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The 14 Steps to Avoiding a Website Navigation Disaster

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Originally, I was planning on doing a post about The Canyon’s honor roll season pass program that gives kids with good grades a chance to ski on the cheap. Along the way though, I found something new to write about. As I tried to find information on the student season pass. I found the path a bit long. Fourteen steps long in fact, with the same button taking me to different pages along the way, and I still hadn’t even paid.

IMPORTANT NOTE: I love The Canyons and, thanks to their honor roll season pass, spent 100+ days on their mountain in high school. This is not meant to be an attempt to slam their web marketing, heaven knows how hard it can be to customize a shopping cart system. I am simply hoping to illustrate a common problem that leads to a high cart abandonment rate.

1) Getting There
I type, “” into my web browser address bar and hit enter. This could have been an extra step but I already knew the addresss.

2) Landing Page Popover
I am greeted by a popover on the mainpage that actually gave me a link to the season pass page. What luck!

3) Mountain Improvements Page
Arrived at a page that wasn’t about season passes but about mountain improvements instead. Luckily there was a ginormous “Season Passes” link I could click to take me to the pass page.

4) Three Passes Page
Land on a page with three pass options, none of which I am looking for. I see another giant orange link, identical to the first one in shape and text. Wondering if it will take me to the same page I am on, I click.

5) Options Page
Finally, I see what resembles what I am looking for: a listing of their different pass options. Except for one small thing, there are 29 of them. Overwhelmed and not interested in sorting through all of them I pull up my Firefox search bar and search for “student”. The first result is a sidebar link for “Student/Child Benefits”. Close enough. I click.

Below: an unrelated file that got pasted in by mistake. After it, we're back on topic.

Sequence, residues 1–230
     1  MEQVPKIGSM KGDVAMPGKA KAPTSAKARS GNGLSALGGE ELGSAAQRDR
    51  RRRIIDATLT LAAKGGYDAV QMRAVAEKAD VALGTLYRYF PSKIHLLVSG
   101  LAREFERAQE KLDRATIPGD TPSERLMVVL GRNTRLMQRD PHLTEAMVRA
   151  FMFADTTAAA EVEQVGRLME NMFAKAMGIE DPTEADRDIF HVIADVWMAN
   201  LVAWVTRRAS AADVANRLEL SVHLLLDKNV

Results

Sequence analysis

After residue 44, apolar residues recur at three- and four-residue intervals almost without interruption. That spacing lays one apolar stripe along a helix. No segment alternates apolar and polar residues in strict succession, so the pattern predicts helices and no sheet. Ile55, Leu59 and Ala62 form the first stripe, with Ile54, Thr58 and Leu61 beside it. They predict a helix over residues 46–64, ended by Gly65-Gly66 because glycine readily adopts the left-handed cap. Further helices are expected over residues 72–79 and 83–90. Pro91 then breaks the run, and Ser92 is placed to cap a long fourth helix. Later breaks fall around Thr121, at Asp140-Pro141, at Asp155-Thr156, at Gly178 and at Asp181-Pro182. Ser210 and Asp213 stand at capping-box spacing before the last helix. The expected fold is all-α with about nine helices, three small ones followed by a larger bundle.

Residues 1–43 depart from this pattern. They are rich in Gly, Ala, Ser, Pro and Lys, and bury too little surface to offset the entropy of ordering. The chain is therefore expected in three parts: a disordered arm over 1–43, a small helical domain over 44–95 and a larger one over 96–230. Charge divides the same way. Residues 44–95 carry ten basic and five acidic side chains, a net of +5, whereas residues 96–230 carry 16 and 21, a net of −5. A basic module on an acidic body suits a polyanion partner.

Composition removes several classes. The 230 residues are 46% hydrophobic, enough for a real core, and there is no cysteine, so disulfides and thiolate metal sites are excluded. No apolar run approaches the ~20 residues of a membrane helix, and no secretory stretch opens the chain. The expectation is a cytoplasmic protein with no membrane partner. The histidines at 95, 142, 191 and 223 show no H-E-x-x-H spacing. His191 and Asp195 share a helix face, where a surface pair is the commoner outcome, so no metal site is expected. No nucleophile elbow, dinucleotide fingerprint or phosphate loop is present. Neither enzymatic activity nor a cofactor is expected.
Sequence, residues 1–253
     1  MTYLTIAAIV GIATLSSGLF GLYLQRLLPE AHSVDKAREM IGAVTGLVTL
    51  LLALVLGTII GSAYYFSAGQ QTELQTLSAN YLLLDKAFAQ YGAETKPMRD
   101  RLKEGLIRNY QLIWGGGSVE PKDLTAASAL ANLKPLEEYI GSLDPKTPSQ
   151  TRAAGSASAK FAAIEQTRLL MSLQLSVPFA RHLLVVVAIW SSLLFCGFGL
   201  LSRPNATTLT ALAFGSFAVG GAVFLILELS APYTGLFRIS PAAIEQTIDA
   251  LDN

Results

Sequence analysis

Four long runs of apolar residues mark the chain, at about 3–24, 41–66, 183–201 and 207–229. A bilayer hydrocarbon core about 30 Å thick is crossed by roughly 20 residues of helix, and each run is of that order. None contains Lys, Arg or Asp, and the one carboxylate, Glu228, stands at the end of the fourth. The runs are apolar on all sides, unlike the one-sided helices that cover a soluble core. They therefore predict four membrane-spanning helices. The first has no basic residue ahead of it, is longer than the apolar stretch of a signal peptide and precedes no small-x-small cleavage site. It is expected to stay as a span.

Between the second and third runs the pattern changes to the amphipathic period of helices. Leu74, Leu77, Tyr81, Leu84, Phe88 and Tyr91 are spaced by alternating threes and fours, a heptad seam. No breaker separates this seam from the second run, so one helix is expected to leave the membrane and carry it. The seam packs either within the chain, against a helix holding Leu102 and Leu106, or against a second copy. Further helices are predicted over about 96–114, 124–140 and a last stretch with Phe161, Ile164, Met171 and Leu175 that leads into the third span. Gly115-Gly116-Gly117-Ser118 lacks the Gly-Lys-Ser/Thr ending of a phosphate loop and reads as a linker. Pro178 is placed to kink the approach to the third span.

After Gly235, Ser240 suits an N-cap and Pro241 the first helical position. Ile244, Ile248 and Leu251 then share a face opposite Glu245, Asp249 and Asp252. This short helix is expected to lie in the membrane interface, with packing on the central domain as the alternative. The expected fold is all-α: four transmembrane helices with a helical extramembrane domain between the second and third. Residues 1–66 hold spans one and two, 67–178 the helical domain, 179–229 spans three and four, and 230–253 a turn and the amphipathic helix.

6) Benefits Page
The page I have now come to is a brief explanation of, in fact, benefits, just like it said, but no information about the pass itself. Luckily though, my friend, the giant orange season pass button is still there. Having clicked on this twice already and landed at two different pages, I hesitantly click again.

7) Options Page
I’m back at the 29 pass options page and resign myself to scrolling through the page to find the student passes. Inspiration strikes after a small amount of scrolling and I type “honor roll” into the FireFox search bar. Bingo.

8) Mismatched Checkout
Interested to see how long this will take me I click “Buy Online” and am taken to a checkout system with a different design and color scheme. Also, it now is giving me the option to add a pass to my cart which I figured I had just done by clicking “Buy Online”.

9) Sign In Page
I am now asked to sign in to my account or “Create a New Guest” (does that mean account, I wonder?). I click on create a new guest.

10) Create a New Guest
Sure enough, it just meant “Create a New Account.” I fill it out. At the bottom I must choose a password that has an uppercase letter, a lowercase letter, a number, and must be 8 characters long. Not even my bank requires that. I figure out some password (that i’ve already forgotten).

11) Review Information Page
Wanting to make sure my information is correct, it shows me a review page before I continue.

12) Liability Release Form
A long liability release form appears next. I read it extremely thoroughly and click “Accept”.

13) Shopping Cart
Woot! Finally it shows my pass in the cart, I am ready to buy!

14) Make Payment
Not wanting to pay for a pass I can’t use, I abandon my cart, unsure of how many more steps there might be to setup a shipping address, and print a confirmation. Whew.

Is there not an easier way that doesn’t require a massive overhaul of the shopping cart system? What would you do to simplify this process?

About Gregg & SlopeFillers
I've had more first-time visitors lately, so adding a quick "about" section. I started SlopeFillers in 2010 with the simple goal of sharing great resort marketing strategies. Today I run marketing for resort ecommerce and CRM provider Inntopia, my home mountain is the lovely Nordic Valley, and my favorite marketing campaign remains the Ski Utah TV show that sold me on skiing as a kid in the 90s.

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